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Why Those 30-Second Super Bowl Ads Expand Like a Mutant Chicken's Heart
February 2, 2016  | By David Hinckley
 

If you watch the Super Bowl to see the ads, pretty soon you may not have to watch the Super Bowl at all.
 
Once again this year, more and more ads are being released online before the game – which might seem counterintuitive, but which many advertisers see as a way of getting maximum exposure and value for their $5 million creations.
 
Thirty-second spots for Sunday’s CBS telecast this year are running from $4.6 million to a little over $5 million, making it by far the most expensive real estate on television.  
 
Posting the spot online before the game, or posting part of it as a teaser, is seen as a way to enhance the potential payback.   
 
It’s also consistent with the fact that the Super Bowl has expanded from a football game into an ever-growing media umbrella that now runs for weeks even outside the sports-television world.
 
Beyond the game itself, which on Sunday will be preceded by 7½ hours of preview shows, CBS has two prime-time specials devoted solely to ads: Super Bowl’s Greatest Commercials 2016, airing Tuesday 8-10 p.m., ET and Super Bowl’s Greatest Commercials All-Star Countdown, airing Saturday 8-9 p.m. ET. (Super Bowl’s Greatest Commercials 2016 hosts, Boomer Esiason and Katharine McPhee, right.)
 
That’s in addition to Super Bowl’s Greatest Halftime Shows, which will air Friday, 9-11 p.m. ET. That one comes with a little suspense: CBS’s promotional material does not mention Janet Jackson.  
 
The sponsors of this year’s ads are less coy. Company websites, and of course YouTube, have been rolling them out by the dozens.  
 
Some companies have released full spots – like Acura, whose ad for a $156,000 set of wheels features fast-cut shots of sleek chrome to the tune of Van Halen’s “Runnin’ With the Devil.”
 
Other advertisers have released partial spots, which is an interesting concept when the whole thing is usually only 30 seconds long.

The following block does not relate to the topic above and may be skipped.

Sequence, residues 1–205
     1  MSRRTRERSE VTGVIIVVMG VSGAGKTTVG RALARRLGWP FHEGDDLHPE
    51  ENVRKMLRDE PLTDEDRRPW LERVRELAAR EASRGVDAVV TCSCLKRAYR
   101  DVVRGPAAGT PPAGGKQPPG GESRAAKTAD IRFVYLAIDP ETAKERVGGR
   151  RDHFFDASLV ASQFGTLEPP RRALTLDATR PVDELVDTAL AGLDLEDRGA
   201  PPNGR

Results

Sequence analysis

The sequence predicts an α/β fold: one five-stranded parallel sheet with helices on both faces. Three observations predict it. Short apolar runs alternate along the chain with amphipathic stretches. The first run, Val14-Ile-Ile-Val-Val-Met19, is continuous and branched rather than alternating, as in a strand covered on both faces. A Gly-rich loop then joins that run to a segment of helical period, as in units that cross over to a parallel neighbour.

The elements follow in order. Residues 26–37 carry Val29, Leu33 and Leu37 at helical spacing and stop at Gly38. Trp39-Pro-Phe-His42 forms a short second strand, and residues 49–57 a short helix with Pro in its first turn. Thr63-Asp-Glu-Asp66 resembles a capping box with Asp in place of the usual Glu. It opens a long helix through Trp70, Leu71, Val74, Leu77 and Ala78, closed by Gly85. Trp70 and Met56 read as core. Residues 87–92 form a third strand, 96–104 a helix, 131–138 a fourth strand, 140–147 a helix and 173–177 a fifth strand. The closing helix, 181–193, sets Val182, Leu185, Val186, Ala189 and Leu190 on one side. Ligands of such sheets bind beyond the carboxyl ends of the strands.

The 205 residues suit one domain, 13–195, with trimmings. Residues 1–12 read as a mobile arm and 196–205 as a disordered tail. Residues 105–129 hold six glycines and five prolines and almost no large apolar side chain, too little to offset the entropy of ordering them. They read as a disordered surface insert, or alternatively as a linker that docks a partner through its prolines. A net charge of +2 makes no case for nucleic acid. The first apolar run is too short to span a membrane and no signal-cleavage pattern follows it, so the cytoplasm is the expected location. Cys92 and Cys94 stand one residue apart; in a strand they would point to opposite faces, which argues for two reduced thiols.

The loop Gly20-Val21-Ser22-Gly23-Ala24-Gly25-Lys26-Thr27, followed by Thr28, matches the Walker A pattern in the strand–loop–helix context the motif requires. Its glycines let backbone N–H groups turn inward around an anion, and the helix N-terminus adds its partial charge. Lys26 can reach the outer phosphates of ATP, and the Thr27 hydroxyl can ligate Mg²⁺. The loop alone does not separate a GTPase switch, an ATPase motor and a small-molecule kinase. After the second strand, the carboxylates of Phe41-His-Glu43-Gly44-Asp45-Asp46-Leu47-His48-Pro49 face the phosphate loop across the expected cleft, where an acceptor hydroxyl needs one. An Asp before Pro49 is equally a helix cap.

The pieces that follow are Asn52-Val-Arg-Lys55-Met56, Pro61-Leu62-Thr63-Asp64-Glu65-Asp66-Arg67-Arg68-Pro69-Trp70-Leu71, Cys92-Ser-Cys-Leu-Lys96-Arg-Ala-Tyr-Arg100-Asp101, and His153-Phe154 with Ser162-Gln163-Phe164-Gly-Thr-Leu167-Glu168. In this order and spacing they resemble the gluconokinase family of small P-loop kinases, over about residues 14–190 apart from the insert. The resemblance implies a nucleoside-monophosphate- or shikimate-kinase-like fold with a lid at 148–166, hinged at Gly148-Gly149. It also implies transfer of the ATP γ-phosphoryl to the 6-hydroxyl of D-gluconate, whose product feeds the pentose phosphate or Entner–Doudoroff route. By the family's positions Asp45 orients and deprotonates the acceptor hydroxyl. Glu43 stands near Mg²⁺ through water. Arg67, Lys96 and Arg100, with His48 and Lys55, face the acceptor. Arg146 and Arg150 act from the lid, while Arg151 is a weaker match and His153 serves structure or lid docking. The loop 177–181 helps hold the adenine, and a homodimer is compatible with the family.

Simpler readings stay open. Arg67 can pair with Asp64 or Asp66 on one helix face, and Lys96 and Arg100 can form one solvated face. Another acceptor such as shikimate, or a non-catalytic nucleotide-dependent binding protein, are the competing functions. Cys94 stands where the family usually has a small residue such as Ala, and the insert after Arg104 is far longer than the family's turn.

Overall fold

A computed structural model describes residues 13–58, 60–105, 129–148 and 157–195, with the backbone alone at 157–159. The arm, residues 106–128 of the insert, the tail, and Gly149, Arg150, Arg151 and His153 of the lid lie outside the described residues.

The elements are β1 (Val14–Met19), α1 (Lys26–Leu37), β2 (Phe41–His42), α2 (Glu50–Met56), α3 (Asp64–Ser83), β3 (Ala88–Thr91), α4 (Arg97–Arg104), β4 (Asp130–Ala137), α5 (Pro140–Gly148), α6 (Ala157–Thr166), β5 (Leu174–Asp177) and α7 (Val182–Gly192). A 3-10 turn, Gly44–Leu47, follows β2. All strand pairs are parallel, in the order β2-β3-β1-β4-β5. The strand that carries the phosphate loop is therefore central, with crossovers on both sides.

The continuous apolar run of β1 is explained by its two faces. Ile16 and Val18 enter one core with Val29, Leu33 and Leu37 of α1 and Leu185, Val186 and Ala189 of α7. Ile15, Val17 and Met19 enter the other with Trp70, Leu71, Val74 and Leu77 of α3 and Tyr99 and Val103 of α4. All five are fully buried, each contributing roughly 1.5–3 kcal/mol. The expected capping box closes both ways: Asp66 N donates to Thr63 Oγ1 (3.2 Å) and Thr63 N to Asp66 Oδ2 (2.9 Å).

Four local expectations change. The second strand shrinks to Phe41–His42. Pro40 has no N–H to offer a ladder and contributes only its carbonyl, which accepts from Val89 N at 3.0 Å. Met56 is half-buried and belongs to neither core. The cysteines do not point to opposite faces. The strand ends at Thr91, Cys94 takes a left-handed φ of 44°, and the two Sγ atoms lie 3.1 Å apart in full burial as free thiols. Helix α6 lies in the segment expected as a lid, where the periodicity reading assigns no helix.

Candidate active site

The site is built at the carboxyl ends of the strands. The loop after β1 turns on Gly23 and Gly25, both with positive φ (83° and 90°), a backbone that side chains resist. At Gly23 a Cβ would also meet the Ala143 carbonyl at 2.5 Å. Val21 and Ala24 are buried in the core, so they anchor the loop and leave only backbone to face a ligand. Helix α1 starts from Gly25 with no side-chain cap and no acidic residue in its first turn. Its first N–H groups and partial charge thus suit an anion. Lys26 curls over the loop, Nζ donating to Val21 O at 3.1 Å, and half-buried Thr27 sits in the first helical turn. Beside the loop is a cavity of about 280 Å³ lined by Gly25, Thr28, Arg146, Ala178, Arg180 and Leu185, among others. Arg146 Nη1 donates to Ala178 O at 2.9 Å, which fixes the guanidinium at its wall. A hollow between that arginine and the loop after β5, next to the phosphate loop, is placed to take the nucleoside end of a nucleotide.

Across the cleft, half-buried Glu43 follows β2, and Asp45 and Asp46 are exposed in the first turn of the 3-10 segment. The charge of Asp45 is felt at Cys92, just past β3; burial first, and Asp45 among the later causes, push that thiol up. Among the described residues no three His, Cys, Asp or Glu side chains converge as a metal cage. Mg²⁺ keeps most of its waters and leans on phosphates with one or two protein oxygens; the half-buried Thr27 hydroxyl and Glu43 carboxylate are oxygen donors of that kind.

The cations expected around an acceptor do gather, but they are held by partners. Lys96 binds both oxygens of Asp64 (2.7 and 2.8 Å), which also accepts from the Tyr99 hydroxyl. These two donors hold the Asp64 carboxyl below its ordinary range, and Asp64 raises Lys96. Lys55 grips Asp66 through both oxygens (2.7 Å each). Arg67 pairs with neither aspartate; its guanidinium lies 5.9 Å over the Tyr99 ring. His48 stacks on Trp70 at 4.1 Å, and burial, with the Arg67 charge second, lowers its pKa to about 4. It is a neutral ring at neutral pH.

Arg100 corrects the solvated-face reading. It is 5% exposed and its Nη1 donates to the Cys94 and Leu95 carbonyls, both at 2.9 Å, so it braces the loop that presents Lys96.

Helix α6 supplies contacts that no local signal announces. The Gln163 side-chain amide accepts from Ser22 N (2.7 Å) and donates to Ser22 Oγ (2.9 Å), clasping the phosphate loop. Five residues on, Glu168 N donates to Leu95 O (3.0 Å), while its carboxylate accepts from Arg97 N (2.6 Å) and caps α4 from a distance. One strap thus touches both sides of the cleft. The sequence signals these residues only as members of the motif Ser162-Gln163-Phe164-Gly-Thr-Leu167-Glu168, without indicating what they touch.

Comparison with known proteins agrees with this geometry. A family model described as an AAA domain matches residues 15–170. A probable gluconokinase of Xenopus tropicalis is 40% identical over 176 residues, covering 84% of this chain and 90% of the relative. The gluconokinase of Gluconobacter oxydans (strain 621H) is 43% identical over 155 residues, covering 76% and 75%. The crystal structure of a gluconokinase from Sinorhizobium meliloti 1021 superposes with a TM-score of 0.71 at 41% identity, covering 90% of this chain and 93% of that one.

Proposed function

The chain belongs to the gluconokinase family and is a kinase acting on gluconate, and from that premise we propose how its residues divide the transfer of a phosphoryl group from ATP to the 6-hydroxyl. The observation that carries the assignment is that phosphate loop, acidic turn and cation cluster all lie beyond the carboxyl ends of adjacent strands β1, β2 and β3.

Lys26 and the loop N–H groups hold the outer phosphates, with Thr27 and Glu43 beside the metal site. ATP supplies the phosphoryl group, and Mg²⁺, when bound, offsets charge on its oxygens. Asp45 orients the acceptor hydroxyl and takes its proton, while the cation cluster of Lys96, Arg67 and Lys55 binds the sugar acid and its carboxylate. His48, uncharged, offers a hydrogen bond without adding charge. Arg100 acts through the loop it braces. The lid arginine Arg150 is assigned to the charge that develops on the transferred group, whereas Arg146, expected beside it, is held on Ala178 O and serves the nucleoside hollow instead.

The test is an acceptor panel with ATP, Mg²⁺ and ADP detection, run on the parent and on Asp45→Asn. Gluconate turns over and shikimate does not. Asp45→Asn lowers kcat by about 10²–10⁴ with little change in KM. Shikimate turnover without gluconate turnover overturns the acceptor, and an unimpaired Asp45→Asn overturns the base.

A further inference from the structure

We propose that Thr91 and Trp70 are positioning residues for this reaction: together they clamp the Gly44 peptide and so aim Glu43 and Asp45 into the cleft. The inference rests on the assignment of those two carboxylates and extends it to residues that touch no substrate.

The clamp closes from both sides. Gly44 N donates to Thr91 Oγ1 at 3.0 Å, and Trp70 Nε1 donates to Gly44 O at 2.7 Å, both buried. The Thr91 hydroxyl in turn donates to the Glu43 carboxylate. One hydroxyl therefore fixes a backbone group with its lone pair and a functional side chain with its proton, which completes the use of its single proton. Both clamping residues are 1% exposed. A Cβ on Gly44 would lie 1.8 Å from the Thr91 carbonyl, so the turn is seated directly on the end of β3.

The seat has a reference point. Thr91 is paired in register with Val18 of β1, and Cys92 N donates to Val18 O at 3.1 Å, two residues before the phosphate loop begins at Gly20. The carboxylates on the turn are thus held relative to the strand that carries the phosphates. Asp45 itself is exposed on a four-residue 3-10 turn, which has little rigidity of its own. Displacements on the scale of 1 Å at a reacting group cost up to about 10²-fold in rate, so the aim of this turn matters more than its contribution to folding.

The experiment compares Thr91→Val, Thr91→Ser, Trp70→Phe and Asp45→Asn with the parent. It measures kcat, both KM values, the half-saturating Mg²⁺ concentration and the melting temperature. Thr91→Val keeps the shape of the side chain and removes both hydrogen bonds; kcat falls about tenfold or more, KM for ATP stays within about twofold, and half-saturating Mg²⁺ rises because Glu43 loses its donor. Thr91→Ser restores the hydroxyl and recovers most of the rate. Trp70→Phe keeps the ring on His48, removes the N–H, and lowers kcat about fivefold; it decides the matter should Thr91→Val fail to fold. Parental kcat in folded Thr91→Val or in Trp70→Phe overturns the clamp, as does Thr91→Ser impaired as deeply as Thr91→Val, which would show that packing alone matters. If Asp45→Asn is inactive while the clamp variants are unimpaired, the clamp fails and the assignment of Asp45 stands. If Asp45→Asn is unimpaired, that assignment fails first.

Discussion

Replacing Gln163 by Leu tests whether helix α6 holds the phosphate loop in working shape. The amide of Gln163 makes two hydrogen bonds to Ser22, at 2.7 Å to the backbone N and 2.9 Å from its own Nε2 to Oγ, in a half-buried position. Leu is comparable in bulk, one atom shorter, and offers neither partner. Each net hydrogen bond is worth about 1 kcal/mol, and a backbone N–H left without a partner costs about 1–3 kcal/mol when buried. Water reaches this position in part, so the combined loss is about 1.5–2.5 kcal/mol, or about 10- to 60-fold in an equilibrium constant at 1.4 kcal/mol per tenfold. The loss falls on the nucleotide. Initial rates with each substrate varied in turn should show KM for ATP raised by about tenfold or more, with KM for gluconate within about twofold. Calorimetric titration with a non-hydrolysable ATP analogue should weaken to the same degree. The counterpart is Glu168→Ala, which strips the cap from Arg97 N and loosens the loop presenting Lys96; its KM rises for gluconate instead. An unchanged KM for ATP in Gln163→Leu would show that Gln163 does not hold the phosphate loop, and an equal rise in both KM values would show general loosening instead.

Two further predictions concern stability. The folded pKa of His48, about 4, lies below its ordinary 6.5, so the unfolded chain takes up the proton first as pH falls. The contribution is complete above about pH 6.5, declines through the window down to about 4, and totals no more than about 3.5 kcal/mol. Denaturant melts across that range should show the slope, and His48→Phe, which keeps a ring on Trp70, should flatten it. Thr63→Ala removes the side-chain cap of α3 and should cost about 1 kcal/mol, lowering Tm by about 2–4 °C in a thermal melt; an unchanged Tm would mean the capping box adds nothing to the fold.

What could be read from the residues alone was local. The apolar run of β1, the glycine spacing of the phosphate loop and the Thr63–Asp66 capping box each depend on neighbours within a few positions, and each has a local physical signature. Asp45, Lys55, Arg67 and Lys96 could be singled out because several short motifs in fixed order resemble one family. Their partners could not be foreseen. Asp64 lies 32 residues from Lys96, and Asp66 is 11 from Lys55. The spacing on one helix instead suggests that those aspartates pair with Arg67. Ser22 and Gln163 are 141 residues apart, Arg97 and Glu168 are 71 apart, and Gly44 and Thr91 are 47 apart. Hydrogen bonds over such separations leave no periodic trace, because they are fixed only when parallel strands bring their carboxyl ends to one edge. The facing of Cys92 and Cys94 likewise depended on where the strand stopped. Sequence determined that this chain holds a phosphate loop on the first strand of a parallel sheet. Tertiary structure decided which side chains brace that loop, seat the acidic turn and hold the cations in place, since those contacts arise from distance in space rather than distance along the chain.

KIA, for instance, is teasing that way to a spot with Christopher Walken, (Walken, right, holding pair of socks in the KIA "Walken Closet" sketch) and LG to a spot with Liam Neeson.
 
You can see a fair amount of Amy Schumer and Seth Rogen in a Bud Light spot (top), and a bunch of Lil Wayne in a couple of spots for apartments.com.
 
Those spots put Lil Wayne in a dialogue with George Washington, who also appears in a tease for a Jack in the Box ad.
 
With Hamilton scoring big on Broadway, maybe we’re looking at a major Founding Fathers revival in 2016. Just throwing that out.  
 
Anheuser-Busch takes a different tack in a spot for Shock Top, Bud’s bid to break into the craft beer game.
 
In this pre-released spot, T.J. Miller conducts an extended exchange of insults with the top of a beer tap as he holds, naturally, a glass of Shock Top (right.) It’s an amusing if not completely novel idea, and what online viewers get is the director’s cut. You can see 1:25 on YouTube, while the game-day spot will be trimmed to 30 seconds.
 
As these well-known names suggest, celebrities are having a big year in the Super Bowl ad game. Perhaps advertisers and their agencies, like Wall Street investors the last few weeks, have been looking for safe havens.
 
In the ad game, celebrities minimize risk, because even if the spot is awful, the celebrity still ensures it will get attention.
 
Similarly, just calling a new spot a “Super Bowl ad” gives it a glamorous aura even if it’s also been in circulation before game day.  
 
Anheuser-Busch said a Bud spot that it released online before last year’s 2015 Super Bowl drew 18 million clicks.  
 
That’s a good number of eyeballs to have banked before the game even started – and it was still fresh to some 90 million game-day viewers.
 
YouTube, which clusters early-release ad spots into its AdBlitz site, is hitching its own brand onto the game with a promotion called How to Win Game Day.
 
Some of YouTube’s most popular contributors, like MyLifeAsEva, Hannah Hart, Scott DW and Kingsley, will give tips starting Tuesday about how to become famous – if not necessarily rich – on YouTube. Jake and Amir host.  
 
Given the viewership of the Super Bowl, it’s not surprising that marketers are looking for every possible angle to hook themselves into the game, which is why ancillary promotions keep growing like the mutant chicken heart in a 1950s horror movie.
 
One of those productions this year got curiously buried: a game film from the first Super Bowl in 1967.
 
It wasn’t a complete game telecast, just clips of every down. It was puffed up into a three-hour package with new commentary, but the actual football plays took just about half an hour.
 
That’s probably about how long the actual plays will take again this year – making them perhaps the only thing about the Super Bowl that hasn’t turned into the Long March.


 
 
 
 
 
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